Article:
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SA studies suggest Omicron has higher asymptomatic ’carriage’


The Omicron variant has been found to have a higher rate of asymptomatic ’carriage’ than other variants of concern, which could explain its rapid spread.

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THE COVID-19 Omicron variant has been found to have a higher rate of asymptomatic “carriage” than other variants of concern, which could explain its rapid spread.

Preliminary findings based on two clinical trials in South Africa found that people who are asymptomatic or show no symptoms of Covid-19 could still transmit the virus, but those with the Omicron variant had 7-12 times more asymptomatic carriage.

The data was drawn from the Ubuntu clinical trial and the Sisonke vaccine trial.

Head of Vaccine and HIV Pathogenesis Research at the Centre for the Aids Programme of Research in South Africa (CAPRISA), and lead author of the Ubuntu study, Dr Nigel Garrett, said a higher asymptomatic carriage rate means that more people are infected with the virus but don’t show symptoms and are possibly able to transmit to others.

“There are a lot more asymptomatic people within the Omicron wave compared to the Delta wave. We feel that Omicron is a milder disease, but symptoms alone doesn’t seem to determine anymore whether someone tests positive,” he said.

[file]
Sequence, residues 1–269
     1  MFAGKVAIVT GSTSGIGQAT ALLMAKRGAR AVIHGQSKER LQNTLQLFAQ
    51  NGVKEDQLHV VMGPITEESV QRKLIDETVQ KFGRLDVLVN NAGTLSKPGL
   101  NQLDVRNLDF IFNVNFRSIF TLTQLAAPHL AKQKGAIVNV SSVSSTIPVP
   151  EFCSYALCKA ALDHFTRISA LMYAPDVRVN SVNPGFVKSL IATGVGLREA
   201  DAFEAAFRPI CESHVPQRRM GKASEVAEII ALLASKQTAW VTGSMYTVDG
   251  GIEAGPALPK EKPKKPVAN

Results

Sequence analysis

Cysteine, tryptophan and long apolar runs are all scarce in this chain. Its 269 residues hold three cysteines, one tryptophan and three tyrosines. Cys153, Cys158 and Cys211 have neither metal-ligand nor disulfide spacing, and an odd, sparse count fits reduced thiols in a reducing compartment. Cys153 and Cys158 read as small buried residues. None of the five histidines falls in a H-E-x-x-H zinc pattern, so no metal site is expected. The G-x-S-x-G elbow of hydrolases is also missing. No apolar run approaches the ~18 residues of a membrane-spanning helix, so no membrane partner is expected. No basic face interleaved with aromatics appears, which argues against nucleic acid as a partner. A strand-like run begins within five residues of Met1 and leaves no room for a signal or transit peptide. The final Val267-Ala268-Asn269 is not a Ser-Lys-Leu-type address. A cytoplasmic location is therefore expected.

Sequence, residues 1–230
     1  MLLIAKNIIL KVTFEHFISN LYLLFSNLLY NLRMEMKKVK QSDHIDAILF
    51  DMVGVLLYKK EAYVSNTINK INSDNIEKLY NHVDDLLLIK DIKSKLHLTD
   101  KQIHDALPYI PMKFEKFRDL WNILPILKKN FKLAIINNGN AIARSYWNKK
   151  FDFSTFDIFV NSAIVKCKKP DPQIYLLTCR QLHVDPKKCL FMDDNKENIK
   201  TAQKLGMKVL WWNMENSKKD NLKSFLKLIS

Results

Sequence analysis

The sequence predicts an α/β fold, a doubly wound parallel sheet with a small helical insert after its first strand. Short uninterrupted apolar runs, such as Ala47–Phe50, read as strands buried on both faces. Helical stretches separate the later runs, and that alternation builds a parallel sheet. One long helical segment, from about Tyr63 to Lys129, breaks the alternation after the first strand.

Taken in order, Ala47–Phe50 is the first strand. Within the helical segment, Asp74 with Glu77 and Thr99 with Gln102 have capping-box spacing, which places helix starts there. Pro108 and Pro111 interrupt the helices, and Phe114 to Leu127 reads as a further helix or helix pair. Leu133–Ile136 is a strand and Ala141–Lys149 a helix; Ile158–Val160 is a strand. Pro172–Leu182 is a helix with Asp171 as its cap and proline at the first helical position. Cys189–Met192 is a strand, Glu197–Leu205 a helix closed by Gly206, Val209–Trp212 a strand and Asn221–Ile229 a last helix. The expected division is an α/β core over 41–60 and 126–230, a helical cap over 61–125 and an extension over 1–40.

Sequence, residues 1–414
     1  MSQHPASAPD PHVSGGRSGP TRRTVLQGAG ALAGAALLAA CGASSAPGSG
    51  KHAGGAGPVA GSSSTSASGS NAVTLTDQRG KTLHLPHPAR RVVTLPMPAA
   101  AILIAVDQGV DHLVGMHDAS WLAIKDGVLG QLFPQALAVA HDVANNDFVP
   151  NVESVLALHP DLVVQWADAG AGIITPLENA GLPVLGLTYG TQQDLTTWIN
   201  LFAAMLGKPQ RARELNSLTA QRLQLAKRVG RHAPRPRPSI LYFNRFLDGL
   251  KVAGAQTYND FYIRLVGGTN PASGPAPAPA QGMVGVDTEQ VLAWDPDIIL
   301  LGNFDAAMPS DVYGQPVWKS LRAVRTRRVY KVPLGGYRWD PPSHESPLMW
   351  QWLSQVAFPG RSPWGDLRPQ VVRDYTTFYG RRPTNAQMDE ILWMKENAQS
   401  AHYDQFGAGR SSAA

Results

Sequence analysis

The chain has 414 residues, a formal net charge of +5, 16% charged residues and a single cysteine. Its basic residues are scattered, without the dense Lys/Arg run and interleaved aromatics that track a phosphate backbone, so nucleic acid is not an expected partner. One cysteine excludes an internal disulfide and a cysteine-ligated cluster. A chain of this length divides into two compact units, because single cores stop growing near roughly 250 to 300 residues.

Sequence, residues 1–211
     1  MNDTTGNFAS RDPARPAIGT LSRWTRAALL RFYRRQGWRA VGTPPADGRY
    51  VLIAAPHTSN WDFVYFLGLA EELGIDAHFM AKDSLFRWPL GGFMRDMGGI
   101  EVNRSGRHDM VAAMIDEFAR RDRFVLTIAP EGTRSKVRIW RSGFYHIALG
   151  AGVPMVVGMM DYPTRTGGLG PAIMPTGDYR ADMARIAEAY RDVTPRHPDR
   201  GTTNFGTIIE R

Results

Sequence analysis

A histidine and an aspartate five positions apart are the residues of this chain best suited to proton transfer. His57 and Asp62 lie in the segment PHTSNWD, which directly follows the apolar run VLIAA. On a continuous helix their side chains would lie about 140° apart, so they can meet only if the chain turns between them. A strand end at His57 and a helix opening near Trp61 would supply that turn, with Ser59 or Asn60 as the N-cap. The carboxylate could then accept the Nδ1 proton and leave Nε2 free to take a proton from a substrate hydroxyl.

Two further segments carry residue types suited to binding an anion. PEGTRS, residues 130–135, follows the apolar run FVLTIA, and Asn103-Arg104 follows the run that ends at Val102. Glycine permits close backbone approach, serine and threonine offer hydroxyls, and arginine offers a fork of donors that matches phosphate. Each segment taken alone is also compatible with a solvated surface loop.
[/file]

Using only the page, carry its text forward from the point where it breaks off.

The Ubuntu trial, which took place in December in sub-Saharan Africa, evaluated the effectiveness of Moderna’s mRNA-based vaccine in people living with HIV.

Of the 230 unvaccinated and asymptomatic participants in the study, 31% tested positive for the Covid-19 Omicron variant, which is a much higher percentage compared to pre-omicron studies that ranged from less than 1-2.4%.

Data was also drawn from a sub-study of the Sisonke large phase 3B implementation study that evaluated breakthrough infections in 1,200 health-care workers, including those who are HIV infected and health-care workers who are pregnant or breastfeeding.

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The Sisonke sub-study, which examined 577 participants vaccinated with the Johnson & Johnson vaccine, found the average asymptomatic carriage rate of 2.6% during the Beta and Delta outbreaks rose to 16% during the Omicron period.

The results suggest a high carriage rate even in those who have been vaccinated.

The president of the South African Medical Research Council (SAMRC), Dr Glenda Gray, said the findings of the study are preliminary and are awaiting peer review. However, they appear to be in line with the bigger picture about Omicron’s high transmissibility.

“The larger studies were designed to analyse data at the intersection of Covid-19, vaccines, and people living with HIV, but they also are giving us useful information about Omicron and how its spread differs from those of previous variants of concern,” she said.

Garrett, said the studies were initiated because sub-Saharan Africa has been hit hard by both HIV and the Covid-19 pandemic.

“Ubuntu and Sisonke will provide important data on safety, dosage and effectiveness of vaccines, but they already are helping us better understand the way this virus can change and how those changes affect transmission and severity. It is critical that we know how omicron and other variants spread among those who are immuno-compromised as well as those who are not,” he said.

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